Thursday, January 20, 2011

Great House by Nicole Krauss

Great House is Nicole Krauss' highly anticipated 2010 novel.  Earlier in 2010, the New Yorker named Krauss as one of the New Yorker's top 20 writers under 40 (they also included her husband, Jonathan Safran Foer).  This book was a finalist for the 2010 National Book Award (the winner was Lord of Misrule). 

Krauss is a fantastic and powerful writer.  Her prose is nearly poetic.  At certain times, I found myself overpowered by her use of language and certain sections difficult to capture.  Maybe that was the point.

The book is a multivoiced narrative about loss.  There are four protagonists, who move seemlessly through time. Each character confronts loss (loss of a wife, a friend or a heritage and the Holocaust).  The voices are (mostly) linked to an object that moves through time and among the narrators.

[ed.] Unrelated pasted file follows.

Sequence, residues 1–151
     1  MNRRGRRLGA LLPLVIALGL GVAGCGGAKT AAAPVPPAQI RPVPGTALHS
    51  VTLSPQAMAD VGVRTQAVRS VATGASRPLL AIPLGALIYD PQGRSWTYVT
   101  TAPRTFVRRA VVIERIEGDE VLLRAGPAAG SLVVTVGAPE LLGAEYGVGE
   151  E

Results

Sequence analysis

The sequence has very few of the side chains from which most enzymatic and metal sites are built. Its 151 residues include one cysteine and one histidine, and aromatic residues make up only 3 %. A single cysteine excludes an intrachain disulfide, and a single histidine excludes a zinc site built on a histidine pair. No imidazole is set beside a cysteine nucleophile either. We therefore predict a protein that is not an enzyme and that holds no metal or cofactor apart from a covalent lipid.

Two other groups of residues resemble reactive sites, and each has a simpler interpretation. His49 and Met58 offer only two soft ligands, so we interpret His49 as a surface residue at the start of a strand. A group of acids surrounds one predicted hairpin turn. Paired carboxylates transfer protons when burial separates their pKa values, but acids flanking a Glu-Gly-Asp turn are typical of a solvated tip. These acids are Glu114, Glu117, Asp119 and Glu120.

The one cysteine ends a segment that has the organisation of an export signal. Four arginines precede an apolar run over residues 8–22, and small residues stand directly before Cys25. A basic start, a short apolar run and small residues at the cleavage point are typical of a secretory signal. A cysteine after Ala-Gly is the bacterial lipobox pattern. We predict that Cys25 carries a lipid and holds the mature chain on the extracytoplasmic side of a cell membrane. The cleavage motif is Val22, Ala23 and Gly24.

What we learn from Krauss is that material objects are often displaced and difficult to reassemble.  However, ideas, knowledge, thoughts and belief can and do remain together.

This is not a page turner (nor is it intended to be).  Krauss demands work.  I enjoyed the book but it was not one of my favorites of the year.

1 comment:

  1. I wonder if we were supposed to find a connection among the characters beyond thematic loss. Was I wrong to feel disappointed that there was no great reveal? Or even a mini-reveal?